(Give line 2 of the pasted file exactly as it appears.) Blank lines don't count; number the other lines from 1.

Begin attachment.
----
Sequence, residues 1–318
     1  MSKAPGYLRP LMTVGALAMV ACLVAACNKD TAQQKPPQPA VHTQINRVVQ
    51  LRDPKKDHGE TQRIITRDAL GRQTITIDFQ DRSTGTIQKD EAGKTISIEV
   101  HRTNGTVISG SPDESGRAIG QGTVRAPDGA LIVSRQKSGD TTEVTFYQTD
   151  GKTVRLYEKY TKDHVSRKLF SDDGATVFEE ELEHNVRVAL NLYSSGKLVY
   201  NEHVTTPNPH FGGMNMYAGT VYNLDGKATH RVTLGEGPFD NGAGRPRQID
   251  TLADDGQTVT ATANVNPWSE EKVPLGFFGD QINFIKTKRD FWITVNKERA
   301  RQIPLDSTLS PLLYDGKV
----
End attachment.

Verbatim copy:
     1  MSKAPGYLRP LMTVGALAMV ACLVAACNKD TAQQKPPQPA VHTQINRVVQ